My First NFT Collection for 3D Printing

Welcome to my first post about NFT’s and 3D Printing!

If you’re new to NFTs like me, I hope you find this interesting with a few little tips and tricks along the way. If I can say one thing about NFTs (aka. Non-Fungible Tokens), it’s that they’re difficult to wrap your head around. Even just a few months ago, I was telling people I didn’t have any interest in making them or buying them. But here I am, dipping my toes in the water, and enjoying the learning process. For me, I found that just jumping in, committing some time and money, and making some NFTs was the best way to figure it all out. You may also need to jump into cryptocurrencies as well, but let’s not fall down this rabbit hole now!

As for explaining the whole concept of NFTs, I’ll leave that to The Verge or Investopedia to describe much better than I can. What’s important to know is that it is essentially a way to buy and sell digital information, which might be an artwork or animation, or even a 3D model. It’s also a way to verify who actually owns the information, even if other people are using it.

This obviously presents some opportunities for 3D printing files. If you wander around my blog, you’ll find dozens of free files that I’ve shared on websites like Thingiverse and Printables (formerly PrusaPrinters). These are normally shared with a Creative Commons license like CC BY-NC-SA 4.0, allowing anyone to download, 3D print, remix, copy and share the design, as long as they don’t try and sell it. I’ve even sold some files under different license terms. However, what can be much harder to document is who actually owns the design if thousands of people have downloaded it. For example, the designs I share online all link back to my profile, and it’s relatively clear who created the original. As long as someone doesn’t re-upload the file under their own profile, which is unfortunately a common problem! But what if you really love a particular design, and don’t just want to download a copy of it like everyone else but own the rights to it? Typically this would require some contracts between the designer (e.g. me) and the buyer to formalise, including payment and royalty conditions. This is where the NFT system can work nicely, as it is set up to be a digital contract that documents this, and supports the transfer of payments and royalties.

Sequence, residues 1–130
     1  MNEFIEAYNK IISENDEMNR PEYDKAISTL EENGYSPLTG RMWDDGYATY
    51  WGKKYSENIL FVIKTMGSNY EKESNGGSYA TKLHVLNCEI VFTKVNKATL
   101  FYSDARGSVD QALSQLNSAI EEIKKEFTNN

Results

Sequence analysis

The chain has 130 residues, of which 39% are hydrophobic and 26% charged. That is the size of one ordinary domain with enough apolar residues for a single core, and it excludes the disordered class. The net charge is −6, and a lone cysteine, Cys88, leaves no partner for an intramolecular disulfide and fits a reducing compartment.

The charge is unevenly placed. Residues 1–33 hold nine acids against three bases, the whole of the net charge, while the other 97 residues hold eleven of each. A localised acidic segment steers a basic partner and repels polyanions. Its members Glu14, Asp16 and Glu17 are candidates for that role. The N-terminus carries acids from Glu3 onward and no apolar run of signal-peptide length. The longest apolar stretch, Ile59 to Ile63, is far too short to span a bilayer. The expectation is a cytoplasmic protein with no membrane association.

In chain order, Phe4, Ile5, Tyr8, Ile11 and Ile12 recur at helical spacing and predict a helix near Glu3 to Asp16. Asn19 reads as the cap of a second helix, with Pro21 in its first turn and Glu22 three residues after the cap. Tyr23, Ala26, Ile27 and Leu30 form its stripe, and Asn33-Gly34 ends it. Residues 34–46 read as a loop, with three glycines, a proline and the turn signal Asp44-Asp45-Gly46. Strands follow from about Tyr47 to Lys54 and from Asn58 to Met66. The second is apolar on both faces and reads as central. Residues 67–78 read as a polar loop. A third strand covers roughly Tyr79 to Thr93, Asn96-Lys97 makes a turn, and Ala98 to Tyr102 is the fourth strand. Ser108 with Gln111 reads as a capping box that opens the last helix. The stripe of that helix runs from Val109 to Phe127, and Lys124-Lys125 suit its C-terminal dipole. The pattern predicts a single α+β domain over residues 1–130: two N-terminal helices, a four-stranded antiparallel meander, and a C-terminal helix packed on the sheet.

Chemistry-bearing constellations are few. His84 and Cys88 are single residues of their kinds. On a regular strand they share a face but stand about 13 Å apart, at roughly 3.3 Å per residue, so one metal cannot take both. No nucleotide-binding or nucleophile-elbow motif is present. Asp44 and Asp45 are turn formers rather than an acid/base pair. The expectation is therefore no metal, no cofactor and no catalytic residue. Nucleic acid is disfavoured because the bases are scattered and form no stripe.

This is what I wanted to learn more about. So, I’ve created my first NFT collection for 3D printing, which is called BITSnATOMS – 3D Typeset for 3D Printing. As the name suggests, it’s a collection of 44 numbers, letters and symbols that people can collect to represent their name, initials, brand, etc. Through 3D printing, they can exist in the digital and physical worlds at the same time, which is a bit beyond what most NFTs offer. The GIFs below give you an idea of the voronoi geometry used for the typeface, but if you check out the link to the collection you’ll be able to actually interact with the 3D models.

The design itself combines several of the things I’ve shown in tutorials on this blog before, for example my video showing how to lightweight a bike brake lever. I might write another article later about how I actually created these, but the short version goes something like:

  • A basic 3D model was created in Solidworks and exported as a STL file.
  • This mesh was then rebuilt in Rhinoceros to have a more random and controlled collection of faces.
  • Next, it was imported into Meshmixer to create the voronoi lattice structure you see.
  • Lastly, and this part is important for NFTs on OpenSea, I used Microsoft Paint 3D to convert the STL file into a GLB file.

A GLB file is used for virtual reality, and OpenSea can directly embed this within its listing of your NFT, making it interactive so people can properly view your design. At the time of writing, there was no support for other 3D file formats that might be used for 3D printing, and there was also no GLB export method in any of my CAD packages. The good news is that GLB files open in Cura, making them directly 3D printable, or they can be opened up again in Paint 3D and converted back to STL files. There are also plenty of free online converters.

The actual process of listing NFTs gets a bit more complex (at least for a newbie). Thankfully OpenSea provides really great tutorials on getting set up with an account, as well as creating and listing your first NFT. I followed these to the letter, and had no issues, opting for a MetaMask wallet to hold my cryptocurrencies. Again, I could write a whole article about this part of the process, and may do so in future.